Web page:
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I have a project structured as follows: .Persistence -> .Repo -> .Services -> .Controllers -> MVC3 App.

Each layer has a respective assembly with interfaces and there's also some other assemblies like .Entities, .ViewModels, and common code assemblies.

Persistence - This holds the EF4 datacontext (code-first) and a reference to EF4.3. There's a factory for creating the Context called GetContext() and this factory implements IDisposable. It is NOT a singleton cause I figured that's what windsor would do for me with LifestyleSingleton().
Repo - This holds repositories implementing the repository and specification pattern (http://huyrua.wordpress.com/2010/07/13/entity-framework-4-poco-repository-and-specification-pattern/).

The other layers are self-explanatory...

Questions:
1. Why does proxy creation have to be enabled when lazy loading is enabled?
2. If I want to set lazyloading = false, can I cast my IEnumerable in Service layer to ObjectQuery in order to use .Include() there?

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Why does proxy creation have to be enabled when lazy loading is enabled?

Because lazy loading with POCOs relies on proxy creation. Without proxies lazy loading doesn't work. Therefore the combination ProxyCreationEnabled = false and LazyLoadingEnabled = true makes no sense. The reverse combination makes sense, in case you want to work with change tracking proxies but don't want to use lazy loading.

If I want to set lazyloading = false, can I cast my IEnumerable in Service layer to ObjectQuery in order to use .Include() there?

It depends on what your IEnumerable<T> really is. If it's the result of a ToList() then no (because List<T> is an implementation of IEnumerable<T> but not of IQueryable<T>.). If you just return an IQueryable<T> as IEnumerable<T> you probably can cast to IQueryable<T>. (In EF 4.3 you would use IQueryable<T> or DbQuery<T> rather than ObjectQuery<T>.)

But imho the need for such a cast indicates that something is wrong in your architecture. Using Include is a modification of a query. If your service layer is allowed to modify queries your repository should return IQueryable<T> - this type is made for building and modifying queries.

If your repository is not supposed to return IQueryable<T> you must pass in an expression or a specification into the repository methods which is used to add an Include to your query - inside of the repository method, not in the service layer.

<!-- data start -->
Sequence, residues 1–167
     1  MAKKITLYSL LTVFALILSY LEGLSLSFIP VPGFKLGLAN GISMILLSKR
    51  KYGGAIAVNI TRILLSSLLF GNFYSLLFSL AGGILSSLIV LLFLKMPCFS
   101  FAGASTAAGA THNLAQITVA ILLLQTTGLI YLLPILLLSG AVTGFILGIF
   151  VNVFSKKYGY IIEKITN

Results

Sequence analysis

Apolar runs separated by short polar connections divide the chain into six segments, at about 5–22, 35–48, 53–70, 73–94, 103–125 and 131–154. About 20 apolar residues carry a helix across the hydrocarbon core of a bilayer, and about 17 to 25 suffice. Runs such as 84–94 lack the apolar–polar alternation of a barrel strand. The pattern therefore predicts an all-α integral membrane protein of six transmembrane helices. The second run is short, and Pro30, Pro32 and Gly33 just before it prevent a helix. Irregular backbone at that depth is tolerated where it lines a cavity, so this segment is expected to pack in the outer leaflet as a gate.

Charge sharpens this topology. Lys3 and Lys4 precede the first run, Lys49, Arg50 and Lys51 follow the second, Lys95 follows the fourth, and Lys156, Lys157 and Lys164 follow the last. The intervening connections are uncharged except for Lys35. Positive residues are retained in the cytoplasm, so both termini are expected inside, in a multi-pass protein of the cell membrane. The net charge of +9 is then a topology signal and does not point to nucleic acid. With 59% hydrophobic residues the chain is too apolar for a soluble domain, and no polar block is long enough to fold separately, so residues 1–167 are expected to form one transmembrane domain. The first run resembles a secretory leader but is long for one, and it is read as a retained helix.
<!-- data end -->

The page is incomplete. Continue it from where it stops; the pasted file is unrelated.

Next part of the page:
• Thanks. I agree with you in regards to not using include at the service layer. As far as using DbQuery isntead of ObjectQuery, do you know why DbQuery doesn't have .Where(string) overload which takes in an entity sql value like "it.ID > 2" ? Also, I'd like to not have to reference EntityFramework (about 2mb) in my repo project so if I use ObjectQuery which is in the System.Data.Entity namespace (part of the framework), I can avoid doing that... is there any disadvantage to using ObjectQuery instead of DbQuery? – diegohb Mar 1 '12 at 0:19
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    @diegohb: Entity SQL ist not supported with DbContext, that's why there is no string overload of Where. If you want to use ObjectQuery you can pull out the ObjectContext from the DbContext using the IObjectContextAdapter (you know that?). But unless you really want to use Entity SQL I'd recommend to stick with DbContext and put a reference to EntityFramework.dll. Otherwise there is no reason to use DbContext at all, you can just use EF 4.0 then. – Slauma Mar 1 '12 at 11:03
  • Thanks! yes, I knew about the objectcontextadapter. My UI is using jqGrid component and it offers filtering, I plan to translate the filtering params into a string query to pass up to my service who will apparently need to pass it up to the repo (which will have access to ObjectContextAdapter and DbContext) in order to use the ESQL Where overload... I really don't want to make a hard reference in my UI to EntityFramework.dll just to use this one overload and I'd aldo prefer to stick with DbContext. If you've seen huyrua's link, Im going to need to overload all the GenericRepo methods. – diegohb Mar 1 '12 at 13:47

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